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Business & Profession Medical research

Opportunity Knocks…

One of Richard Nixon’s lesser-known misdemeanors came in 1970, when he made cannabis a Schedule 1 substance – a decision that has frustrated research into the plant’s medical applications. It wasn’t until November 2016 that the US lifted a federal cultivation restriction that hindered cannabis research by US academic institutions.

The easing of cultivation restrictions for US academic institutions is indicative of the larger shift by the pharmaceutical industry back towards re-examining natural products (produced by animals, plants, bacteria and fungi) as a source of medicine. The 1990s saw a “green rush” of bioprospecting by the pharmaceutical industry as it sought to mine Earth’s biodiversity. Despite significant success (the vast majority of today’s antibiotics are derived from natural products), by the 2000s most pharmaceutical companies had terminated their natural product discovery programs, citing difficulties in obtaining samples at sufficient yields, ecological and legal restrictions, and insufficient capital investment.

However, recent years have seen the industry move back towards natural products as a source of new drugs. Because they occur naturally, candidate drugs derived from natural products have quicker development times, and are more likely to pass toxicity studies. Natural product pathways are highly complex, which makes them challenging to synthesize in the lab, and has led to several drugs consisting of standardized plant-based extracts (containing a number of quantified compounds) gaining regulatory approval.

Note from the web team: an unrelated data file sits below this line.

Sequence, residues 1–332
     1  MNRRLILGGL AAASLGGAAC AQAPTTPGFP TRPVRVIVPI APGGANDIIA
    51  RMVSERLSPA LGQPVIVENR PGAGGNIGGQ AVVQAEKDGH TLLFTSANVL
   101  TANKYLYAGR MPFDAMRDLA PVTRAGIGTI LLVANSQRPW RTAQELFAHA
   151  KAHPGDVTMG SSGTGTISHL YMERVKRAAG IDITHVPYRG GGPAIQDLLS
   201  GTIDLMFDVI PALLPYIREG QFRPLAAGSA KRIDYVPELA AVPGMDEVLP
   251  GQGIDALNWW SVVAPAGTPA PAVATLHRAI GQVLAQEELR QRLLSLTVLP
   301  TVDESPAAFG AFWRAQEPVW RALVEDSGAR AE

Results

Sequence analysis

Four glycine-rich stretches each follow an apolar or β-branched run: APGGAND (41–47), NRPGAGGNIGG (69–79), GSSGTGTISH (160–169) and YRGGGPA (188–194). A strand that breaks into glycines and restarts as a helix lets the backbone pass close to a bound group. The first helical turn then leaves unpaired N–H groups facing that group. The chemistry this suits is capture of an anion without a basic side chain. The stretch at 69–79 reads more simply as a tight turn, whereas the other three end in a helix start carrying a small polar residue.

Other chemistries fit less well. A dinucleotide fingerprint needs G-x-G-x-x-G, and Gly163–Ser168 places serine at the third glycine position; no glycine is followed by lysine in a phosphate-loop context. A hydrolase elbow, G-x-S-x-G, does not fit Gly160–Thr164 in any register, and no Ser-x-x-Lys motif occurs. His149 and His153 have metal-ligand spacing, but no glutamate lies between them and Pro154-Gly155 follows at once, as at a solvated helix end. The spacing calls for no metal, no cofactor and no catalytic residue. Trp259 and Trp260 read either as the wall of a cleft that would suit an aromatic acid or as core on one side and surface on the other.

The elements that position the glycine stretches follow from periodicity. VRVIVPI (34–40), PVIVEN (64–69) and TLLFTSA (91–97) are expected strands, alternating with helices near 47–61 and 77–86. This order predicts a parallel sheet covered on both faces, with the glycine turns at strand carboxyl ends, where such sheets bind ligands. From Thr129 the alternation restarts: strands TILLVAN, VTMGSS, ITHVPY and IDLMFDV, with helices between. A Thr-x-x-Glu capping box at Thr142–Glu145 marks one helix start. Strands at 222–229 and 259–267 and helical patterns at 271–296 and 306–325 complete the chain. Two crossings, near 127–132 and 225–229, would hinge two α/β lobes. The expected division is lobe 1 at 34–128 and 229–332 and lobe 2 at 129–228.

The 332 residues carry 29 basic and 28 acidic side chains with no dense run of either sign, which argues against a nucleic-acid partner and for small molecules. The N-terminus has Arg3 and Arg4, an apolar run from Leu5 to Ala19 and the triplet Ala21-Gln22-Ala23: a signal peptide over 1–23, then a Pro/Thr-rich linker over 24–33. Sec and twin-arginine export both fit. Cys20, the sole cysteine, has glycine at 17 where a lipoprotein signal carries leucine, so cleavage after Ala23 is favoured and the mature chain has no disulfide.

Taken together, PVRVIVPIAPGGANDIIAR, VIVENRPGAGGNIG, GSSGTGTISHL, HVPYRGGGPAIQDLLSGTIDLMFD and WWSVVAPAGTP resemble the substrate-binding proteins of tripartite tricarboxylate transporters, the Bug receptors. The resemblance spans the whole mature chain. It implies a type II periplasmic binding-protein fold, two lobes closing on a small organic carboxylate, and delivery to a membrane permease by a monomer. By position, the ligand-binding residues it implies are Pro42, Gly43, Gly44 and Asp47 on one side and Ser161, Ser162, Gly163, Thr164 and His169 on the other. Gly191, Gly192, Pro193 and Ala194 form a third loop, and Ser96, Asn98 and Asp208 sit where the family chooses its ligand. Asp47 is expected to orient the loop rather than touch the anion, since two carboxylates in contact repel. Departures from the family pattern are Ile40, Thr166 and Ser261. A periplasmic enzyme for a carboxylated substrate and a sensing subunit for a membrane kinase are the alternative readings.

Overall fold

In this context, the three primary species of cannabis (Cannabis sativa, Cannabis indica, and Cannabis ruderalis) are of great interest as a potential source of medicines. Firstly, historic restrictions stymied much of the research that might otherwise have occurred in the 1990s, when many other natural products were investigated for medical use – there is significant catching up to do. Secondly, most research on cannabis has focused on the known major cannabinoids (in particular THC and CBD) and on two key receptors (CB1 and CB2 receptors – found in every mammal). Pharmaceutical companies have tended to focus on screening their current libraries of molecules against these two receptors, but have not studied the effects of other molecules (e.g., naturally occurring minor cannabinoids). In my view, it is here where the most exciting medical potential lies.

Beyond some excellent studies in Israel, little work has been conducted into the effects of minor cannabinoids and their combinations on CB1 and CB2 receptors. Huge improvements in cannabinoid extraction, purification and isolation techniques mean that additional minor cannabinoids are still being identified. At a time where natural product research is again in vogue and where whole plant extracts form the basis of regulator-approved medication, the effects of minor cannabinoids deserve to be explored in detail.

Over the last ten years, evidence has been presented that cannabinoids could have therapeutic effects in a number of major diseases, such as multiple sclerosis, epilepsy and cancer. However, as both last year’s independent UK review and this year’s US National Academy of Sciences study point out, the restrictions imposed on cannabis research mean that many of these studies were carried out without adequate control trials, or with inadequate sample sizes, rendering them largely anecdotal.

The 1990s saw a ‘green rush’ of bioprospecting by the pharmaceutical industry.

Whatever the medical applications of cannabinoids turn out to be, it would be a missed opportunity not to explore them. It is for this reason that Oxford University and Kingsley Capital Partners have launched a pioneering research program to investigate the role of cannabinoids in biology and medicine.

We hope this research program will prove a step in the right direction, building on initiatives led by companies and academic institutions across the world. Cannabis has already been used as a therapeutic aid for centuries – now is the time to harness 21st century science to understand its mode of action and explore its potential in the most rigorous way possible.

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